May 13 (Bloomberg) -- Wal-Mart Stores Inc. may start selling Apple Inc.’s iPad in 2010 in some U.S. stores as it competes with electronics chains for consumers who want to connect their e-mail, movies, games and music.
“We anticipate being able to have the iPad later this year,” Gary Severson, senior vice president of entertainment for Wal-Mart’s U.S. stores, said in a telephone interview. The Bentonville, Arkansas-based company isn’t prepared to provide specifics on the timing and pricing of the iPad, he said.
Apple has sold more than 1 million iPads since they went on sale in the U.S. last month, making the debut more successful than the introduction of the iPhone in 2007. Apple sells the device, a tablet computer that lets users read digital books and access the Internet, online and in its stores. Best Buy Co. also sells it.
Apple hasn’t made any announcements regarding retail partners since the iPad was introduced, said Steve Dowling, a spokesman for the Cupertino, California-based company.
Wal-Mart, the world’s largest retailer, said today that it is adding more Internet-connected flat-panel televisions, Blu-ray disc players, mobile phones and routers enabling U.S. consumers to link gadgets in their homes. A similar push by Best Buy, the world’s largest consumer-electronics retailer, and RadioShack Corp. boosted their earnings last quarter.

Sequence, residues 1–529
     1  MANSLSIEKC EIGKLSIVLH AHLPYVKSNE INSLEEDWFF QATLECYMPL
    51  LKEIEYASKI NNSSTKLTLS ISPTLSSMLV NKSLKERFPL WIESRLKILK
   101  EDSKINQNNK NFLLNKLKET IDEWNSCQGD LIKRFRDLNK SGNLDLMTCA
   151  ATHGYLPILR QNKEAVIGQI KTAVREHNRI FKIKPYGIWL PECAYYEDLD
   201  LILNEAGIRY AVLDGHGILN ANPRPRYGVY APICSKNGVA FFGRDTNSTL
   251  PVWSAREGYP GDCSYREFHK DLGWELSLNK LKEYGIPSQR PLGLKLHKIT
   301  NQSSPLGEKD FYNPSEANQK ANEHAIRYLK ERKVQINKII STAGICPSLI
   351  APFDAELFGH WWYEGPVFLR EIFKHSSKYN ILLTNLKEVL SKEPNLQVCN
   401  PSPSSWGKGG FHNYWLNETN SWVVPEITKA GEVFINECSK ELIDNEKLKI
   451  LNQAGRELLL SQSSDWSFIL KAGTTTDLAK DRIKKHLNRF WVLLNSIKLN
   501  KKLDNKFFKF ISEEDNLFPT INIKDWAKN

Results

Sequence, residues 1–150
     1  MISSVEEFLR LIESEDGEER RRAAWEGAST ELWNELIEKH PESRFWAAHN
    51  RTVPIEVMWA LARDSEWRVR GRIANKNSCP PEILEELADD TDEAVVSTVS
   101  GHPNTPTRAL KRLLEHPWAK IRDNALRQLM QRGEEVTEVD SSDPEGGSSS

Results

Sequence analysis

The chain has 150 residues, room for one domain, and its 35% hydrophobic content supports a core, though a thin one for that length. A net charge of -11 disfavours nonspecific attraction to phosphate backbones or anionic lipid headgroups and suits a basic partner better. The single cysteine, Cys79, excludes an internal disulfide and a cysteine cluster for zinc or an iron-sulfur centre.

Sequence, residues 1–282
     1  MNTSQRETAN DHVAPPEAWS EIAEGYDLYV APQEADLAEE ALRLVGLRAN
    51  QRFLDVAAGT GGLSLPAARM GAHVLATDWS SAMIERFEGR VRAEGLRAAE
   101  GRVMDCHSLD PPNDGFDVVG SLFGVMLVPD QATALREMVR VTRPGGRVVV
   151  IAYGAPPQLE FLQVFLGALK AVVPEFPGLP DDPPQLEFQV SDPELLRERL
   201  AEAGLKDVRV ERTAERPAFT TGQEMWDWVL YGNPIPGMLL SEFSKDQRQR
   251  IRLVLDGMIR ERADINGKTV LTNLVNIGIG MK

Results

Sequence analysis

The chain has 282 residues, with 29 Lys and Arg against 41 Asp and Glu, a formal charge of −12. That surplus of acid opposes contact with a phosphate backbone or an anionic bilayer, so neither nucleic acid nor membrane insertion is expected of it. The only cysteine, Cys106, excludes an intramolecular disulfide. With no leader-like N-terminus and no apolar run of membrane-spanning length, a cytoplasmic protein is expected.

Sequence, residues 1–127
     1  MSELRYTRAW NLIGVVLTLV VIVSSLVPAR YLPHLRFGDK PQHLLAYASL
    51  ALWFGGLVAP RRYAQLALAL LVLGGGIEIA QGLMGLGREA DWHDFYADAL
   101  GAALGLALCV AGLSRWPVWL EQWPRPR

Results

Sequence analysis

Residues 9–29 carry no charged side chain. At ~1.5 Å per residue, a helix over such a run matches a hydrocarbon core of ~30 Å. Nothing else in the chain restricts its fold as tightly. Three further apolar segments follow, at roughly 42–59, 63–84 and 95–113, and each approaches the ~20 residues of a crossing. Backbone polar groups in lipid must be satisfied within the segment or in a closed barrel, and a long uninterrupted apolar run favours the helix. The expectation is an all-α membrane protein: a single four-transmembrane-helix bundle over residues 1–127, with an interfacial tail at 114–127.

Offering more products from manufacturers such as Samsung Electronics Co. and Sony Corp. tells consumers they “don’t have to go to a specialty shop” where they have to pay more for services, said Severson, 49.
“We are working really hard to make the experience in our store more interactive,” Severson said. “It allows a customer to understand, ‘Hey, this isn’t as complicated as I thought.’”
Wal-Mart is aiming for consumers who arrive at its stores “self-educated” about electronics, he said. Employees are being trained on new products and how they can be connected.
As an example, Wal-Mart anticipates rising demand from shoppers who come to buy a flat-panel TV and then may decide to purchase a Blu-ray disc player and a router that would connect to a computer, gaming devices and the TV. At home, consumers want to be able to download movies from services such as Netflix Inc., based in Los Gatos, California, and Vudu Inc., which Wal-Mart acquired in March.
Books, Music, Internet
“Retailers have always been good at selling a single device,” Stephen Baker, an analyst with Port Washington, New York-based research firm NPD Group Inc., said yesterday. “But the ability to connect music, movies, games and e-mail is the long-term opportunity for them,” he said. “The entire industry is moving in that direction.”
Thirteen percent of Wal-Mart’s U.S. store revenue came from entertainment in the year that ended Jan. 31, trailing only groceries, which accounted for 51 percent of sales, according to an annual securities filing.
The iPad, which lets users surf the Web, watch videos, play games and read electronic books, represents a new category of device that falls somewhere between smartphones and notebook computers. Apple offers Wi-Fi models with 16, 32 and 64 gigabytes of memory. Prices start at $499.
Wal-Mart dropped 8 cents to $52.40 at 4 p.m. in New York Stock Exchange composite trading. Apple sank $3.73 to $258.36 on the Nasdaq Stock Market.
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